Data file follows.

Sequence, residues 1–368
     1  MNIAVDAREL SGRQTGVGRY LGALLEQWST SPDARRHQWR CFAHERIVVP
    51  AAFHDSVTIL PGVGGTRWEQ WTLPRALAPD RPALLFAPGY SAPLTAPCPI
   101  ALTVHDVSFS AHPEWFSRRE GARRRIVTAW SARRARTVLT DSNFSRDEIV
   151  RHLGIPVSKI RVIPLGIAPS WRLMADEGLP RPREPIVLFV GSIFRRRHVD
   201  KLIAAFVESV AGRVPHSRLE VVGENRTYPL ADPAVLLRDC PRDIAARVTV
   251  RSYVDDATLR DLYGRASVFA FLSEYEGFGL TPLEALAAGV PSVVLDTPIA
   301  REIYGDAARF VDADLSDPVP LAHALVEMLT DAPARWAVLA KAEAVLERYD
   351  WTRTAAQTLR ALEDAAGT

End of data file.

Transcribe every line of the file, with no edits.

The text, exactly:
Sequence, residues 1–368
     1  MNIAVDAREL SGRQTGVGRY LGALLEQWST SPDARRHQWR CFAHERIVVP
    51  AAFHDSVTIL PGVGGTRWEQ WTLPRALAPD RPALLFAPGY SAPLTAPCPI
   101  ALTVHDVSFS AHPEWFSRRE GARRRIVTAW SARRARTVLT DSNFSRDEIV
   151  RHLGIPVSKI RVIPLGIAPS WRLMADEGLP RPREPIVLFV GSIFRRRHVD
   201  KLIAAFVESV AGRVPHSRLE VVGENRTYPL ADPAVLLRDC PRDIAARVTV
   251  RSYVDDATLR DLYGRASVFA FLSEYEGFGL TPLEALAAGV PSVVLDTPIA
   301  REIYGDAARF VDADLSDPVP LAHALVEMLT DAPARWAVLA KAEAVLERYD
   351  WTRTAAQTLR ALEDAAGT